Milton-next-Gravesend

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Milton-next-Gravesend was, and still is, one of the ancient ecclesiastical parishes in the NW of the county of Kent, England. When Gravesend became a town under Royal Charter in the 13th century, Milton was included within it. Much of the parish was, until c. 1840, rural. The boundary between the two parishes is centred up Gravesend town High Street (which puts the old Town Hall in Milton, not Gravesend), continuing up Windmill Street and Singlewell Road. The spread of the town could only take place to the east - Northfleet lies to the west - so that much of the 'newer' parts of Gravesend built since 1840 lie within Milton parish.

Churches[edit]

There are two Church of England churches in Milton: the ancient parish church, dedicated to St Peter and Paul,51°26′21″N 0°23′08″E / 51.4391°N 0.3855°E / 51.4391; 0.3855Coordinates: 51°26′21″N 0°23′08″E / 51.4391°N 0.3855°E / 51.4391; 0.3855 which is located in the original settlement;[1] and Christ Church, located at the western end of the original eccelesiastical parish. The latter was built in 1856 when the town of Gravesend began to grow eastwards.[2] There is also a United Reformed Church (St Paul's) and two small independent churches.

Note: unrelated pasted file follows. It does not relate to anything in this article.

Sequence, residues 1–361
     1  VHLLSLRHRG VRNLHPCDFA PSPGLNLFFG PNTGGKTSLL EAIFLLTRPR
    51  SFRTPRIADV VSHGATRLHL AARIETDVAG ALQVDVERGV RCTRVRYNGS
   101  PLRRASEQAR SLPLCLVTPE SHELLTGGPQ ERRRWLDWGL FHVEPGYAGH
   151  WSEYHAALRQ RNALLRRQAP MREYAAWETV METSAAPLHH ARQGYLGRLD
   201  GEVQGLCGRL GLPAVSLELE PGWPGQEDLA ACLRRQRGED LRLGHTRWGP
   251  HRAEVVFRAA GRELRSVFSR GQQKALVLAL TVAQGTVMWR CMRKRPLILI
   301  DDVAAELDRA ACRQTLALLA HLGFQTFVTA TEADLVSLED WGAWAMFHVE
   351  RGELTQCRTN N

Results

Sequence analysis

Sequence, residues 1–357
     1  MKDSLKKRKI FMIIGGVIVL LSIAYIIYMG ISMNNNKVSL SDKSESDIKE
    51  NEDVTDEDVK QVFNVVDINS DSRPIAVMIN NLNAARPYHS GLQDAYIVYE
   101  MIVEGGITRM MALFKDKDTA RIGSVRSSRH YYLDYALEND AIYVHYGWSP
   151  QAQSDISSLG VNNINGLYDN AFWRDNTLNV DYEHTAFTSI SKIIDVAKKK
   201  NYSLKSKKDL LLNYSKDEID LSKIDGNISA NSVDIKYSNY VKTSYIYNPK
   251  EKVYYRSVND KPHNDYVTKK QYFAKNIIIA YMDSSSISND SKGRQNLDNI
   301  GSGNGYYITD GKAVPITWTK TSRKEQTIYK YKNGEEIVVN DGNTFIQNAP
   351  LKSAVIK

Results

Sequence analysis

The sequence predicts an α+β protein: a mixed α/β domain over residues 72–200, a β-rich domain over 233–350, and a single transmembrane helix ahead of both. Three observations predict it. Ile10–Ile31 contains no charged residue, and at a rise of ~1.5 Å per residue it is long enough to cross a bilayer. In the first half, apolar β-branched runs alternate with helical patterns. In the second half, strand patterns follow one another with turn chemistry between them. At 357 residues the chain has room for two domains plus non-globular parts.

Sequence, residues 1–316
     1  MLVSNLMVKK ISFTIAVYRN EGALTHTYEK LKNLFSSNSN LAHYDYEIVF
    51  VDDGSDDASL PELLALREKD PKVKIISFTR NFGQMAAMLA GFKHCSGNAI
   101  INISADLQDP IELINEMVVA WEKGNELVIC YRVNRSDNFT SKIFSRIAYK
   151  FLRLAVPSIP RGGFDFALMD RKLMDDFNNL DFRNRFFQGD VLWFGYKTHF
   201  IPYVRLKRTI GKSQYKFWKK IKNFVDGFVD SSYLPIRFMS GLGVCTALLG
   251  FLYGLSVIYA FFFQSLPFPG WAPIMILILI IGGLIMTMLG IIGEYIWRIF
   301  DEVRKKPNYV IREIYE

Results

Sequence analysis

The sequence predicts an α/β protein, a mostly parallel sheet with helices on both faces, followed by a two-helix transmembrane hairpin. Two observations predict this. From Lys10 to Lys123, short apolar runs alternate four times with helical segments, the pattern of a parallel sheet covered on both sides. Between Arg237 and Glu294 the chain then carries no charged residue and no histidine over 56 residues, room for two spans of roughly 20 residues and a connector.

St Peter and St Paul had a ring of five bells cast in 1656 by John Hodson. A treble was added in 1810 (cast by Thomas Mears II) and the ring was further augmented to 8 by two new trebles in 1930 (cast by Mears & Stainbank). The tenor is just under 12 cwt, tuned to F#.[3]

References[edit]

  1. ^ The History of St Peter and St Paul:The Paraish Church of Milton next Gravesend Robert H Hiscock ISBN 1-901132-35-8
  2. ^ Christ Church Milton-next-Gravesend:One Hundred and Fifty Years of Service, 1856-2006, Peter D Shearan BA (publisher) ISBN 978-0-9552570-9-1
  3. ^ "Love's Guide". Retrieved 14 September 2011.